Pat Buckley moved easily amidst notables from the worlds of politics, literature, the arts, philanthropy, fashion, and society. Her friends included Henry and Nancy Kissinger, Ronald and Nancy Reagan, Jerome Zipkin, Betsy Bloomingdale, Nan Kempner, Clare Boothe Luce, Bill Blass, Tammany leader Carmine DeSapio, Abe Rosenthal and Shirley Lord, Mrs. Gary "Rocky" Cooper, David Niven, John Kenneth Galbraith, Sir Harry Evans and Tina Brown, (British director) Peter Glenville, Princess Grace of Monaco, Don Juan de Borbon (father of the present King of Spain), publisher John Fairchild, Richard Avedon, Dominick Dunne, Bob Colacello, Sir Alistair Horne, Aileen Mehle, Richard and Shirley Clurman, John and Drue Heinz, Reinaldo and Carolina Herrera, Tom Wolfe, Taki and Alexandra Theadoracopulos, Clay Felker, Ahmet and Mica Ertegun, C.Z. Guest, Kenneth J. Lane, Valentino, Halston, Walter Cronkite, Mike Wallace, David Halberstam, Vladimir Nabokov, Roger Moore, Truman Capote, Rosalyn Tureck, Alicia de Larrocha, James Clavell, King Constantine of Greece, Malcolm Forbes Sr., Brooke Astor, Anne Slater, Mortimer's owner Glen Birnbaum, among others.
Rereading this now, I'm amused by that "among others." Who could I possibly have left out of this bold-face cornucopia?
She was known for her exacting taste in everything from clothes to decorating and food. She maintained a notably slender figure—Women's Wear Daily often referred to her as the "chic and stunning Mrs. Buckley"—and to her "belle poitrine." She was an early booster of—and walking advertisement for—American designers, particularly Bill Blass. A regular on the Best Dressed List, she was inducted into its Hall of Fame in the 1990s. She favored costume jewelry made by her gin rummy pal Kenneth J. Lane. In his memoir, Mr. Blass noted that he and Mrs. Buckley would occasionally play hooky from their hectic schedules in order to see as many movies as they could back-to-back in one day, "an operation that required near-military planning."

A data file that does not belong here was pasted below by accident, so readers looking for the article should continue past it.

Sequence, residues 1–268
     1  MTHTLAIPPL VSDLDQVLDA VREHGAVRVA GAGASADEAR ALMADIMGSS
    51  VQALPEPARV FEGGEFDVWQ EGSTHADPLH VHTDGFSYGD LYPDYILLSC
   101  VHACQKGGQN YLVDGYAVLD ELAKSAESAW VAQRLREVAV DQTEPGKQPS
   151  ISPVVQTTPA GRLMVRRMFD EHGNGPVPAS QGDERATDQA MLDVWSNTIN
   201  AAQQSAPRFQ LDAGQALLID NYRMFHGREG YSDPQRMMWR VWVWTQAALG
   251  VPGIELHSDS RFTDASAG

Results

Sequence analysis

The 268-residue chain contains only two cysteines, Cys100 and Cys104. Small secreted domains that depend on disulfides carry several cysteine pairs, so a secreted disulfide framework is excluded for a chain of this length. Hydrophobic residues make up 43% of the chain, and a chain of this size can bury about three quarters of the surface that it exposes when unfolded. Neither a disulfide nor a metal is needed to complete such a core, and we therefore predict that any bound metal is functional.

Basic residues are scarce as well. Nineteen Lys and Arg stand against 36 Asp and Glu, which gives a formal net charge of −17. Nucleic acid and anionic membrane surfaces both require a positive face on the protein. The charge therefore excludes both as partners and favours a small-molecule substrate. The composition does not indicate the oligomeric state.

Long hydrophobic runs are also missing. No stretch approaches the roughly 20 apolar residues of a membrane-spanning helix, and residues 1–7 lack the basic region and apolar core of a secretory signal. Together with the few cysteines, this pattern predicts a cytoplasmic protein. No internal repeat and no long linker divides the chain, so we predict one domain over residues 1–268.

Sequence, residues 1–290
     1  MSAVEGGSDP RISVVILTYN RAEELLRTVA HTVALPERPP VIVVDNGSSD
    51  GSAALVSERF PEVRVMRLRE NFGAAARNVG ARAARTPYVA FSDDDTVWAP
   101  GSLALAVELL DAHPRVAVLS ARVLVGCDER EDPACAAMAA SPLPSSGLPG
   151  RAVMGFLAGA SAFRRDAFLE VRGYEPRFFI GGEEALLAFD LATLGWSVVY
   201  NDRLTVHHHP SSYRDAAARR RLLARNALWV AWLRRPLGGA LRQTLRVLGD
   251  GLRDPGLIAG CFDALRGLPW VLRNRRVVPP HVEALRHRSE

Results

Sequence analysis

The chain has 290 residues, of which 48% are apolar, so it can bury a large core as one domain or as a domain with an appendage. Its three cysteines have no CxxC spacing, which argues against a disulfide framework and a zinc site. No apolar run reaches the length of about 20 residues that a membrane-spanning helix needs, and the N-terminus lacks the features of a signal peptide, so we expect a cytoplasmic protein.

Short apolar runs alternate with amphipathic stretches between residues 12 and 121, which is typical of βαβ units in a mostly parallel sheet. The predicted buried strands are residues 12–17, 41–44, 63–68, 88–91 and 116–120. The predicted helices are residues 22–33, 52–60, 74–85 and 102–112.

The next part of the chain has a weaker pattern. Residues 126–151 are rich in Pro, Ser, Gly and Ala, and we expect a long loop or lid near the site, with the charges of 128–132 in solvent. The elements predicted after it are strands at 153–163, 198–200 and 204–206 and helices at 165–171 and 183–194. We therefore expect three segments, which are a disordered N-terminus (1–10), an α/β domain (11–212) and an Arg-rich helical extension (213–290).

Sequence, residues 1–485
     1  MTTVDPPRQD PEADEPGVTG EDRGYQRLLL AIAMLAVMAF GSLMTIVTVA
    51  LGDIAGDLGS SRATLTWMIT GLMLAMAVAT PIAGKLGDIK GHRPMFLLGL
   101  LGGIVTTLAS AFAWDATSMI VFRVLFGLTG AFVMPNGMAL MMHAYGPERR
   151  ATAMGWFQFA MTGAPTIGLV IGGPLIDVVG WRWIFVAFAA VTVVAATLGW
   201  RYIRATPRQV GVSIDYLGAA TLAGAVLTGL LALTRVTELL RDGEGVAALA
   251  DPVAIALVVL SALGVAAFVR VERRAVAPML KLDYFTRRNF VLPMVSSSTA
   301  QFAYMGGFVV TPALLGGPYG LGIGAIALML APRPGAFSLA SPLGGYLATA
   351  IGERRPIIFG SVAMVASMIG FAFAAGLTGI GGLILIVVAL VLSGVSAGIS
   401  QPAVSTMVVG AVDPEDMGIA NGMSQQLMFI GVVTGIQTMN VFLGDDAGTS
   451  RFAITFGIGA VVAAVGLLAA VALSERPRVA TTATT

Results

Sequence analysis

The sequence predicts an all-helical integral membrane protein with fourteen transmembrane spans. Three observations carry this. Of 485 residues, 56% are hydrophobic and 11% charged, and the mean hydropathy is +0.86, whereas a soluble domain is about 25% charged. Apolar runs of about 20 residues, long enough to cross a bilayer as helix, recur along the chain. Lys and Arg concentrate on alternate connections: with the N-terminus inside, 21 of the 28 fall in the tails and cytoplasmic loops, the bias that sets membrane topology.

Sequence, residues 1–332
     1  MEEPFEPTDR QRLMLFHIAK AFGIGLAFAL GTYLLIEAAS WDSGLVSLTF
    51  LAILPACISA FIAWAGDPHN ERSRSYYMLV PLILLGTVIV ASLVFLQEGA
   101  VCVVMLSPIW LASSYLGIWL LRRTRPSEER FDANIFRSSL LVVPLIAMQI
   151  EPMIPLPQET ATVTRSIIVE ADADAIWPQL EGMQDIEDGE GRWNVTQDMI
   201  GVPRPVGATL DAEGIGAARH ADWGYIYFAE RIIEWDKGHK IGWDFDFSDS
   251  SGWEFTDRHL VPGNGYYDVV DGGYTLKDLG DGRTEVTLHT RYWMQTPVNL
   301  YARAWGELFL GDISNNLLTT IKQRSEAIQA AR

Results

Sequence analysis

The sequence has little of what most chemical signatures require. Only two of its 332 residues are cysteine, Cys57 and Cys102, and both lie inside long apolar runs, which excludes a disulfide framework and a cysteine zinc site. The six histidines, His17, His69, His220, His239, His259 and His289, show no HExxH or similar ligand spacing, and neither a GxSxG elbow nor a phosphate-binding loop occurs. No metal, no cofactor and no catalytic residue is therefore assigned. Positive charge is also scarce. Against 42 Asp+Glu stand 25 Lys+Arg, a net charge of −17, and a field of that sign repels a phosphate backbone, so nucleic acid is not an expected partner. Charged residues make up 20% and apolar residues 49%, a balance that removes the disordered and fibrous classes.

Despite her elegant figure, Mrs. Buckley was a famous foodie (a term she herself would never have used). Unable to boil a three-minute egg at the time she married, she dutifully took cooking classes with James Beard. In the 1970s, she became a champion of Glorious Food, the now famous catering firm started by Sean Driscoll. She refined her skills as a giver of fancy benefit dinners for up to 1,000 people by improvising "Pat's Pot Pie," a chicken pot pie that eliminated the time-consuming need for serving vegetables and sauces separately. It was an innovation hailed by her famously impatient husband.
Over the years, Mrs. Buckley acted as a kind of den mother to the conservative movement, giving dinners to the editors of her husband's magazine, National Review, every other Monday, starting in the mid-1960s. At her husband's 80th birthday celebration in 2005 at the Pierre Hotel in New York, her son, Christopher, noted in a toast that "No one ever left my mother's house less than well and truly stuffed."